“Long term capability planning is a second area in which HR professionals need to be involved,” he said.

“As the business predicts its resource and capital needs into the next decade, long-term capability planning is required to ensure that the prerequisite skills and capabilities are available, as and when required.”

If the HR group does not harness this need, Sheldon noted that the chief performance officer may look outside for such help.

“But in a very pragmatic way, HR should look to ensure the future generations of chief performance officers are being equipped with the skills and experiences to take on the highly challenging role,” he said.

“From a developmental perspective, this will need to cover a wide range of experiences, and be a long time in the planning, if it is to be successful.”

Sheldon noted that the chief performance officer will also have a number of major hurdles to overcome – the first of which is knowledge and information management.

“How do they harness the mass of data now available to organisations and synthesise this into meaningful, insightful information?” Sheldon said.

“How do they efficiently integrate the internal company data with the vast quantities of data flowing around in cyberspace?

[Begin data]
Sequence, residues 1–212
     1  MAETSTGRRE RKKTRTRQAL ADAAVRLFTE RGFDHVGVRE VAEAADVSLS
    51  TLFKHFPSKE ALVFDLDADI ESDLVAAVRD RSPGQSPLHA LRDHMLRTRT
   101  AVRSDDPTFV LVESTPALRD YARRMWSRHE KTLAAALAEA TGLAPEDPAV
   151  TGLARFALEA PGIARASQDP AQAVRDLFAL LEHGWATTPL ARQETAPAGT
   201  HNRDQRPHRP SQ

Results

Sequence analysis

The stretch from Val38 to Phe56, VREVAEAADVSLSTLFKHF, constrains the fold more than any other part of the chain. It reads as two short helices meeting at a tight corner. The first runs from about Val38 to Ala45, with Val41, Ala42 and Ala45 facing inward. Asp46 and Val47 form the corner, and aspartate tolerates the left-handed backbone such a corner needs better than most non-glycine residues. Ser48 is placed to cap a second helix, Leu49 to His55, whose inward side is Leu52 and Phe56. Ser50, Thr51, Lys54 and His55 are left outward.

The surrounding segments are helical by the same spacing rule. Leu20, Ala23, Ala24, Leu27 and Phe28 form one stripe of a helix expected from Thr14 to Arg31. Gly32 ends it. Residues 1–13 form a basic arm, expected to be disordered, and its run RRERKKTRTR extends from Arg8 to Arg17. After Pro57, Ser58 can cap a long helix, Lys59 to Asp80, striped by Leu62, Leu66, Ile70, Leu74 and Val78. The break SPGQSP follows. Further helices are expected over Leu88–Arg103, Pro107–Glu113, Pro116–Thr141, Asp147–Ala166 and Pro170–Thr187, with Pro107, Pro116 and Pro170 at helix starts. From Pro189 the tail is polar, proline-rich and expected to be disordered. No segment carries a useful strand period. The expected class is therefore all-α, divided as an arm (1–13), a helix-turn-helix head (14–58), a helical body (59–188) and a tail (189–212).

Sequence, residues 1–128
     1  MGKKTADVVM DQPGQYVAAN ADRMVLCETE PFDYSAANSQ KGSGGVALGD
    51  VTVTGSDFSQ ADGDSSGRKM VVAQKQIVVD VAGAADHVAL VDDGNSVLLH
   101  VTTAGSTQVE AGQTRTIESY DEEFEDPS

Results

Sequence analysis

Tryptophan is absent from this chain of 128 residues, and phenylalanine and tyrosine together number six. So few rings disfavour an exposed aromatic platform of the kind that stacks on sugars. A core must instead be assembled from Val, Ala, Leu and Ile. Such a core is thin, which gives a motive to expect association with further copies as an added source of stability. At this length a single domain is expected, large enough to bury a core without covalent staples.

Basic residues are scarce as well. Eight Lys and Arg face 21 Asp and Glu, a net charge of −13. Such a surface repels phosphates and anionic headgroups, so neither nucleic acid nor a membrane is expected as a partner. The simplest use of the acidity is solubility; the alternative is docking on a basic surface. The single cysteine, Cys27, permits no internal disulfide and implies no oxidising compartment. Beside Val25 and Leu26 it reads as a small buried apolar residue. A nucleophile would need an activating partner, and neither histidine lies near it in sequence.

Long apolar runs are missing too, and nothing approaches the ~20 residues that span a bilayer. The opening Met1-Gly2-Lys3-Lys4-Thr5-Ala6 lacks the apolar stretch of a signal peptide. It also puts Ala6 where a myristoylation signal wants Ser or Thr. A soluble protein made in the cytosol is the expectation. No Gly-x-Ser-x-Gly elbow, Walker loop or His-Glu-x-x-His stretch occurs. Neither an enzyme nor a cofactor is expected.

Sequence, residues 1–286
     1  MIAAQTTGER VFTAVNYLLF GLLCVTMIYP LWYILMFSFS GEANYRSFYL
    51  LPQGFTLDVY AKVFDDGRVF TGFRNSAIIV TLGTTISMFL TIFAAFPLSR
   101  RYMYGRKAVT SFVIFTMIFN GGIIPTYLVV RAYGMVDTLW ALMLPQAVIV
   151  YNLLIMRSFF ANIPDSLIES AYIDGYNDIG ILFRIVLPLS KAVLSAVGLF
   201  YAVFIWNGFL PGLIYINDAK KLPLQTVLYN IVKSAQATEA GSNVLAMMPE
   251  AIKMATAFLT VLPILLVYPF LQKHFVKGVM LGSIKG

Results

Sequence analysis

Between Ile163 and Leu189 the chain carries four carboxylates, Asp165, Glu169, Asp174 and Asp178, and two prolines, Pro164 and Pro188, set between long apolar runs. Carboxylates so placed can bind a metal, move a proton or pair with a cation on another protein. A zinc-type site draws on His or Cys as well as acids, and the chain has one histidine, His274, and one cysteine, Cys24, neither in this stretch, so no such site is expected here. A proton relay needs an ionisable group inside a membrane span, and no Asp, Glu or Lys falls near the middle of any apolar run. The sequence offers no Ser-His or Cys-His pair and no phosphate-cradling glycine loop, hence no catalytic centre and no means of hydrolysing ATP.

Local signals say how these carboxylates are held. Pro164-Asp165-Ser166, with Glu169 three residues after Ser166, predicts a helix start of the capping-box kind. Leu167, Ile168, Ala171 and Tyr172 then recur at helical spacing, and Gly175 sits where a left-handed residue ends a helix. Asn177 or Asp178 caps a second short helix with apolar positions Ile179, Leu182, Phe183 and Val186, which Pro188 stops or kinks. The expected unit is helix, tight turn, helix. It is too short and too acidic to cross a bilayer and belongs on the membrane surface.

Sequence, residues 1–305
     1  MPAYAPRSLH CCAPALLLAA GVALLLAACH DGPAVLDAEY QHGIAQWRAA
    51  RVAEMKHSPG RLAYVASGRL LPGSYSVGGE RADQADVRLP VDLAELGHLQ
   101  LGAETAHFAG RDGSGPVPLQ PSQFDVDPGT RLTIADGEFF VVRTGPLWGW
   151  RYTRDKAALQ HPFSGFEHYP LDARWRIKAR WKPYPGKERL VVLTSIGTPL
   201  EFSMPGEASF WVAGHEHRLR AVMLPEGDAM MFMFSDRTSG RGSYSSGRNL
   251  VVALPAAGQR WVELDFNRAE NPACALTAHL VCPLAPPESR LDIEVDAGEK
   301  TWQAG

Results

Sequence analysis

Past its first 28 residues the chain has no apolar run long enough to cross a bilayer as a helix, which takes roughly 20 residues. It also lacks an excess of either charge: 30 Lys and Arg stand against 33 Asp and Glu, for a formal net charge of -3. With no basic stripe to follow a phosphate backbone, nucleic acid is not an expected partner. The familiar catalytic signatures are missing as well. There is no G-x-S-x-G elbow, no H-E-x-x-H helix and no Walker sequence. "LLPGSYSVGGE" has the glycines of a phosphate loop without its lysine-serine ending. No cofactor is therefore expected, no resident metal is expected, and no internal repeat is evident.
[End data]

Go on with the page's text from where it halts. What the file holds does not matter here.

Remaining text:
“And how do they become the internal information champion and facilitator of insights when each executive will feel the right to own their portion of the data?”

“The CFO does not always have the necessary skills and attributes to make the transition to this new role”

Another related challenge involves futuristic reporting systems.

“Having harnessed the data challenge, how does the CPO then design appropriate reporting systems which influence outcomes through detailed insights – in other words how do they move away from more traditional forms of cost and revenue style internal reporting into more of a ‘business driver’ based reporting approach,” said Sheldon.

Most current systems are geared towards the more traditional forms of reporting, so a rethink on systems, structures and information collection and collation will be required.

“Changing the focus of the reporting system may also aid in stopping the “deep dives” which many businesses get stuck in and force them to focus on those key drivers of business results,” he said.

A third challenge for the chief performance officer revolves around transformational efficiencies.